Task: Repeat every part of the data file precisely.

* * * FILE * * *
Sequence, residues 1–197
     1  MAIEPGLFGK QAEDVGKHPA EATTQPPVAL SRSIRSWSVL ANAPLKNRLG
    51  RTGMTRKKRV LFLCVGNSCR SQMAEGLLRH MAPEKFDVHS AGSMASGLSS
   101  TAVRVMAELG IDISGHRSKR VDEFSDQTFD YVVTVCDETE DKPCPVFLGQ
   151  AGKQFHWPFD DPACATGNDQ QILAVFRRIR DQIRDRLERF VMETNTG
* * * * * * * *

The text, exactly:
Sequence, residues 1–197
     1  MAIEPGLFGK QAEDVGKHPA EATTQPPVAL SRSIRSWSVL ANAPLKNRLG
    51  RTGMTRKKRV LFLCVGNSCR SQMAEGLLRH MAPEKFDVHS AGSMASGLSS
   101  TAVRVMAELG IDISGHRSKR VDEFSDQTFD YVVTVCDETE DKPCPVFLGQ
   151  AGKQFHWPFD DPACATGNDQ QILAVFRRIR DQIRDRLERF VMETNTG